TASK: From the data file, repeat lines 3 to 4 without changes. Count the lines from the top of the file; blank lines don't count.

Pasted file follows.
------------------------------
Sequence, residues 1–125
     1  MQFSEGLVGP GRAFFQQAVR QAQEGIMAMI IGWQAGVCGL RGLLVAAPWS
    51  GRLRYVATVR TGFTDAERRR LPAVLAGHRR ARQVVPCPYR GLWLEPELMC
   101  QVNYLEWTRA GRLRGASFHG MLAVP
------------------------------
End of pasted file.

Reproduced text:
    51  GRLRYVATVR TGFTDAERRR LPAVLAGHRR ARQVVPCPYR GLWLEPELMC
   101  QVNYLEWTRA GRLRGASFHG MLAVP